As always, what keeps me interested in these books is seeing how the remnants of the American way of life and history are shaping up in this post-Change world. I like seeing how words and traditions and such evolve over time. (This is a big part of why I liked A Canticle for Liebowitz so much.) One of the most interesting things to see is the split between people who decided to use what they knew of pre-Industrial history and society to create new societies, and the people who tried to hold on to American ways of doing things. Stirling has a couple of his characters posit the idea that the United States is impossible to restore without mass transportation and continent-spanning communications systems. After all, this is a modern country and Oklahoma, the last of the lower 48 states to actually become a state only became one in 1910. Plus, telegraph lines popped not long long after the mass migrations of settlers came West.


Christopher Durang Explains it All for You, Six Plays by Christopher Durang

Christopher Durang Explains It All For You
Christopher Durang
Explains it All For You
This morning I finished reading this collection of plays by Christopher Durang. a while ago, my brother turned me on to this playwright and I remember really liking the anarchic absurdity of it all. I also got to see my brother perform the lead role in The Actor's Nightmare, and it was just hilarious.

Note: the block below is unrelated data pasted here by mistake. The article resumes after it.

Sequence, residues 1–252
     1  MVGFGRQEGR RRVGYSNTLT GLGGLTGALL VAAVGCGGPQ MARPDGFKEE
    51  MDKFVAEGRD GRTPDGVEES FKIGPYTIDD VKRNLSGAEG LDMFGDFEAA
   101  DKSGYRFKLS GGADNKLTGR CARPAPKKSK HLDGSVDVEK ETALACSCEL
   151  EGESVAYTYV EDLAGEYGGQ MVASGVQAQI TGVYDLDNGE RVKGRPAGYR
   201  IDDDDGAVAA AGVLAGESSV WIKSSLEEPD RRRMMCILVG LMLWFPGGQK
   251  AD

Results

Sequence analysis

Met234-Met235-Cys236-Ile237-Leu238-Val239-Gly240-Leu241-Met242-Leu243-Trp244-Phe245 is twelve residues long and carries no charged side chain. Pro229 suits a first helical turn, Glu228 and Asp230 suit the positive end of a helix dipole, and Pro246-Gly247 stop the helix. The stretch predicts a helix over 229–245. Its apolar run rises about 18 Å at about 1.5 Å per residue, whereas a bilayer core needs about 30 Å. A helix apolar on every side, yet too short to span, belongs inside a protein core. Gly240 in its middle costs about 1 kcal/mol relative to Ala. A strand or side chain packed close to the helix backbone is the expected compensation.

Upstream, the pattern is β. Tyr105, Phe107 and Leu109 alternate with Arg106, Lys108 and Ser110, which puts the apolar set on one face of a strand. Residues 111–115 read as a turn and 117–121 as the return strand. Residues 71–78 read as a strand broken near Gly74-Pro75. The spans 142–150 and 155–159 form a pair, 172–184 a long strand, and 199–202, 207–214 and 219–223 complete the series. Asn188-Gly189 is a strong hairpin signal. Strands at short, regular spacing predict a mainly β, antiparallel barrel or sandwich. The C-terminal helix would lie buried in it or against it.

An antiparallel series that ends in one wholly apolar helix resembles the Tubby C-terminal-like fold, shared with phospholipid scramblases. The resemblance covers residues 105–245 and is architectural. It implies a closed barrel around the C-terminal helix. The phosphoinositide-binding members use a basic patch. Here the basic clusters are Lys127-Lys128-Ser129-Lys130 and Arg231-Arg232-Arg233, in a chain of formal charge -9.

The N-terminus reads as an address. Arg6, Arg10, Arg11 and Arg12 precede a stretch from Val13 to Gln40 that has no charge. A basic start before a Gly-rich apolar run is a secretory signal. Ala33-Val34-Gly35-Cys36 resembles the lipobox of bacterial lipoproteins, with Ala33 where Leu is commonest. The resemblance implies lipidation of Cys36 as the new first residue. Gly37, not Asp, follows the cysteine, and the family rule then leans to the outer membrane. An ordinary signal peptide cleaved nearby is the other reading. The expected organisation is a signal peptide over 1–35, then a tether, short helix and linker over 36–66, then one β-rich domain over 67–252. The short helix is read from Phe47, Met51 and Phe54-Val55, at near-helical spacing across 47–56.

This collection contains some of Durang's most well-known works, like Titanic and Sister Mary Ignatius Explains It All For You. I enjoyed reading this collection. But as I read it, I realized how hard it is to fully appreciate a play when you can't see it being performed. There are stage notes and annotations that help, but a lot of Durang's comedy really hinges on how it's played on stage. There's a lot of casual violence in here, and if you read it with out taking the notes and the intentions into account, it's sometimes very hard to see how it could be funny.

My favorite piece in this collection is The Actor's Nightmare. Durang explains that a lot of actors have a nightmare where they have to perform in a play they haven't rehearsed or don't know at all. In this play, George Spelvin finds himself in the middle of performances of Hamlet, Private Lives, a fictional piece by Beckett, and, I think, A Man For All Seasons. It's really funny to see how Spelvin keeps trying to go along with it.